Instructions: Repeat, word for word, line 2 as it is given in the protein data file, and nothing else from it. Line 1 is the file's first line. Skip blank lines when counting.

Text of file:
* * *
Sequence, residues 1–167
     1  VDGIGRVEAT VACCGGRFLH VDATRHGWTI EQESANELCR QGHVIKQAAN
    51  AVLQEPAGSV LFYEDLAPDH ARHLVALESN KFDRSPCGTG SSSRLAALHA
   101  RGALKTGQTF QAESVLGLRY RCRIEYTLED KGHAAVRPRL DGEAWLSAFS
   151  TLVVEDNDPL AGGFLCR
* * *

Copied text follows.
     1  VDGIGRVEAT VACCGGRFLH VDATRHGWTI EQESANELCR QGHVIKQAAN